TORONTO - Nordstrom is the latest U.S. retailer planning to set up shop north of the border.
Officials from the department store chain and Cadillac Fairview are scheduled to announce Canadian store plans at a media briefing in Toronto on Thursday.
The announcement will relate to Nordstrom's entry into the Canadian marketplace and will identify store locations in Cadillac Fairview shopping centres nationally.
According to previously published reports, the Seattle-based retailer is expected to open in four locations, including a trio of prime Sears Canada locations set to be shuttered this fall.
Sears Canada announced in March it would sell back leases for three of its stores to its landlord, Cadillac Fairview, for about $170 million.
High-profile locations at the Pacific Centre in Vancouver, Chinook Centre in Calgary and Rideau Centre in Ottawa are set to close by the end of October.
It announced a further closure, at the Deerfoot Mall in Calgary in July.
Nordstrom Inc. president Blake Nordstrom is set to join Cadillac Fairview president and CEO John Sullivan and Wayne Barwise, executive vice-president of development at Cadillac Fairview, at the media briefing on Thursday.
Canadians can currently purchase goods direct from Nordstrom's website, with shipping fees that includes the cost of duties at checkout.
The iconic American upscale retailer is in talks with Hudson's Bay Company to become a "store within a store" at HBC locations in Canada. The move is seen as an attempt by The Bay to fight off the possible arrival of Nordstrom's (see next slide).
One of the most prominent competitors to Bloomingdale's, Nordstrom announced in September, 2012, that it plans to open locations in Cadillac Fairview-owned malls in Calgary, Ottawa and Vancouver. The stores will open in former Sears locations.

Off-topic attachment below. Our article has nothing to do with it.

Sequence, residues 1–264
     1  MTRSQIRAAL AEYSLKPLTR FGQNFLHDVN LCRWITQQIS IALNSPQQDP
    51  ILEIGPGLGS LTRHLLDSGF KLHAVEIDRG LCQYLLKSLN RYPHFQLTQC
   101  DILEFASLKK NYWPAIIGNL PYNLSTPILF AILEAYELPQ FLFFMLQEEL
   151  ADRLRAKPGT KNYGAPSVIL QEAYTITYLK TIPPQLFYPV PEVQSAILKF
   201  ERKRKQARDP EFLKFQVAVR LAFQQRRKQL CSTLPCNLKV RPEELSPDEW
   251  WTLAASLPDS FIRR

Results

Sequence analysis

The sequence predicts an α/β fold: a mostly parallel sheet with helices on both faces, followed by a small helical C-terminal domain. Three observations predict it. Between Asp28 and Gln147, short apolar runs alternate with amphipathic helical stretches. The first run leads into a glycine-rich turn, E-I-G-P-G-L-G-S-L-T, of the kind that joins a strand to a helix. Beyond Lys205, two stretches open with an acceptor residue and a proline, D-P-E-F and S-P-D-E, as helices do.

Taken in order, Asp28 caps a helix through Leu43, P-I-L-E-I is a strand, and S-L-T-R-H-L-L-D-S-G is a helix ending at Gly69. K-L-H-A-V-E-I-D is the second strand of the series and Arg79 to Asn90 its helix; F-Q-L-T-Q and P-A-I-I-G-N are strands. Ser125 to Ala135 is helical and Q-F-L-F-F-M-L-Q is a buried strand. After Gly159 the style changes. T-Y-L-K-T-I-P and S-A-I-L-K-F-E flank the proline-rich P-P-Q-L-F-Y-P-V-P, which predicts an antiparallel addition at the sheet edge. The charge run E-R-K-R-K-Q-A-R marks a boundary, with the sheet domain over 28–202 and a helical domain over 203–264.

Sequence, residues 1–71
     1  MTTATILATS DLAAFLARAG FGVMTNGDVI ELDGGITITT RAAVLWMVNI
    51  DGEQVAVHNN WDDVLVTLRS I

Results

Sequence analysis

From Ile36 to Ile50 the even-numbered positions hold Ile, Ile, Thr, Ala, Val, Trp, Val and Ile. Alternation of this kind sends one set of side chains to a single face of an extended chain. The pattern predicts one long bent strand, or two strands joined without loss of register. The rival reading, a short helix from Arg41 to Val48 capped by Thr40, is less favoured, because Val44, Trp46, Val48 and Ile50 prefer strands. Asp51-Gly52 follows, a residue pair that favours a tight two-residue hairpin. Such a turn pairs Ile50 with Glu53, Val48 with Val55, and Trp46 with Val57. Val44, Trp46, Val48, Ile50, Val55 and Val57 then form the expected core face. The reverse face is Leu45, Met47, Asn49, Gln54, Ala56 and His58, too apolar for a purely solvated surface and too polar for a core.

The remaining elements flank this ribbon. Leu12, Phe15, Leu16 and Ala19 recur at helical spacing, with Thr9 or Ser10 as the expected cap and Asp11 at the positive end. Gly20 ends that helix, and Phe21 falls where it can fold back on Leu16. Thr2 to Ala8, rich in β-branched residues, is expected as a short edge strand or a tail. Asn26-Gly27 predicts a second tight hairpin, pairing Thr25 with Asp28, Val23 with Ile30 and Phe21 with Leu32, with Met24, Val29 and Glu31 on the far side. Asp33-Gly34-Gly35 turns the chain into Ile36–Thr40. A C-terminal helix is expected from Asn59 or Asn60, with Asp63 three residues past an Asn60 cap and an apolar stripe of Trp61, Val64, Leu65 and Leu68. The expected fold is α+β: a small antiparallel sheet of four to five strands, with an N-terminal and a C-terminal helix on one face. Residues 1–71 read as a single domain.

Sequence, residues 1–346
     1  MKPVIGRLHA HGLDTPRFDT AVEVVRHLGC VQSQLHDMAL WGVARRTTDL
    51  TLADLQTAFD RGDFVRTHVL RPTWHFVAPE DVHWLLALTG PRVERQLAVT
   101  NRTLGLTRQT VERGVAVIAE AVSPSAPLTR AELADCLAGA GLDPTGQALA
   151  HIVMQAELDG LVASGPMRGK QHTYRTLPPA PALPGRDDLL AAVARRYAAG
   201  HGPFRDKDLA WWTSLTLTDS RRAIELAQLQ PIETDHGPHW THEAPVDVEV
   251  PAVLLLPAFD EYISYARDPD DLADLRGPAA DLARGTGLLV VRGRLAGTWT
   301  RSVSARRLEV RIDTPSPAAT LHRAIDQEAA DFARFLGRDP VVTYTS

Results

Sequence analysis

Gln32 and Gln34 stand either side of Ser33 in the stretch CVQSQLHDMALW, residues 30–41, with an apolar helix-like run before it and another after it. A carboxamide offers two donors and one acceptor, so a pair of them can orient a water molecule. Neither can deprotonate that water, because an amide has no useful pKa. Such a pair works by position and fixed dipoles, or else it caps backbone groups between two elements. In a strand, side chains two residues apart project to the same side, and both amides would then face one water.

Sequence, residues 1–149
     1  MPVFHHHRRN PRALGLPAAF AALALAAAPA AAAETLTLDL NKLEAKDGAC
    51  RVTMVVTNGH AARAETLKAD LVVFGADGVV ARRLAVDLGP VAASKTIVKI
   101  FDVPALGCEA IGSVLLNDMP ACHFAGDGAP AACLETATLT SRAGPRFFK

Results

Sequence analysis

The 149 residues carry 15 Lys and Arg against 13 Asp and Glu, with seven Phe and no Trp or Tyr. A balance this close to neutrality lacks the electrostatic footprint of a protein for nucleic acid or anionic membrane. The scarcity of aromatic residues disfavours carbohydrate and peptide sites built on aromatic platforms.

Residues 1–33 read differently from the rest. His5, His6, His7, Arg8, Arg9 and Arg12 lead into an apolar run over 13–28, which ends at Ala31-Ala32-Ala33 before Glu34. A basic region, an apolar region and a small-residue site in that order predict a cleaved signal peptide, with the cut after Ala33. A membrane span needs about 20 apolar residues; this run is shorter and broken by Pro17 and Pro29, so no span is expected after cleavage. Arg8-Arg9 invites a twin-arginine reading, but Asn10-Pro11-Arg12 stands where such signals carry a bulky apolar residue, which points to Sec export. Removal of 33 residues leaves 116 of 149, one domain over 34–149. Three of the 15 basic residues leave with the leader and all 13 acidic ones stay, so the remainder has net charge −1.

Discount retailer Marshalls entered the Canadian market in March, 2011, and recently announced an expansion of six new stores in Ontario. At least a dozen of its 750 stores are now located in Canada.
The home improvement retailer began moving into the Canadian market in 2007, with a store in Hamilton, Ontario. It has since expanded to 31 locations in Ontario and Alberta.
Ritzy fashion chain J. Crew opened its first Canadian location in the summer of 2011, and immediately ran into public anger about the U.S.-Canada price gap. Shoppers complained that J. Crew's Canadian prices were about 15 per cent higher than in the U.S.
The arrival of Target to Canada in 2013 is easily the most hotly-anticipated retail arrival since Walmart came north of the border in 1994. The discount retailer is planning more than 100 stores across the country, having taken over a significant number of Zellers locations. But the store is currently engaged in a labour dispute, as it tries to keep former Zellers employees from unionizing in the new stores.